Five Ways Complex-PTSD Affects My Life

Complex-PTSD (CPTSD) is an under-recognized condition. While post-traumatic stress (PTSD) occurs from acute trauma, complex-PTSD develops from ongoing or repeated interpersonal abuse. This includes but is not limited to: emotional, physical, sexual or narcissistic abuse. Here’s five examples of what it’s like living with this condition.

  1. You can never connect to people. Even when I do feel like connecting – it’s pointless. It’s like there is a sheet of very thin glass between me and everyone I meet. I can see and hear them but can never feel or connect. I am not like everyone else. It’s like being on a different plane of existence. I am indifferent to almost everyone I meet and it is rare when I form connection to someone.
  1. Sometimes you will dissociate or freeze when stressed. When my brain perceives something as a threat I will zone out or I will literally freeze. This can be really embarrassing in social situations. I am aware I am freezing but can’t stop it or speak.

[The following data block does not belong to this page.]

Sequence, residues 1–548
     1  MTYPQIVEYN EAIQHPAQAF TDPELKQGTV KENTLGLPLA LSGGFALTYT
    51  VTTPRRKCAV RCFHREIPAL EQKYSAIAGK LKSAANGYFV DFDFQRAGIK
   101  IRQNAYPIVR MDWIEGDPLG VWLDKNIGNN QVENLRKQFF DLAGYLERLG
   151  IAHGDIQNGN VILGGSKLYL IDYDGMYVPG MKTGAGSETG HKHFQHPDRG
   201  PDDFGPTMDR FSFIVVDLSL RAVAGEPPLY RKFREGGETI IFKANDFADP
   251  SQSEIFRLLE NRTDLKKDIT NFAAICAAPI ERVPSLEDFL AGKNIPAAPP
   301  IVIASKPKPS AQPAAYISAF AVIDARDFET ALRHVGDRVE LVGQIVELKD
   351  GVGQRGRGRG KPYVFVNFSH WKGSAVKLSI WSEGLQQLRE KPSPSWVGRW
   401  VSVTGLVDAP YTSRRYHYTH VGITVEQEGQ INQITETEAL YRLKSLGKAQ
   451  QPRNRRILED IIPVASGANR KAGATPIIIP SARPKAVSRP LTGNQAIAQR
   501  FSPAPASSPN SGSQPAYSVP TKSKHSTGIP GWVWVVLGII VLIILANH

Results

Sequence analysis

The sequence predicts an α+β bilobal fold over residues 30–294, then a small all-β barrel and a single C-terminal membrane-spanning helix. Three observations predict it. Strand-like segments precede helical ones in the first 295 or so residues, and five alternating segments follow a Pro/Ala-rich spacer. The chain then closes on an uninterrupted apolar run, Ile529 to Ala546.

1. You float in and out of depression. I have had depression on and off since my youth and could never figure out why.
  1. You can get emotional flashbacks. Emotional regulation is difficult and emotional flashbacks are very common for people living with CPTSD. I will be having a normal day and five minutes later I am a mess. This can happen anywhere and at any time. Identifying triggers is difficult. But I’m working on it.
  1. Everyone thinks you’re a happy ray of sunshine. Due to the way my brain perceives everyday life, I am forced into an automatic “I am happy, full of rainbows and here to please you” response. This is not who I am. My brain forces it out of me in everyday situations. It makes me feel like no one will ever know me.

Complex-PTSD has yet to be added to the DSM-5 but is slowly becoming more recognized daily. It is important to spread awareness in order to validate others who are struggling with this condition. Hence my tour and the Vatic Foundation. The positive side is many therapists are becoming increasingly aware and people are having fulfilling lives despite living with the condition.

Keep up the good fight and be sure to ride your bike.

By Brian Nadon


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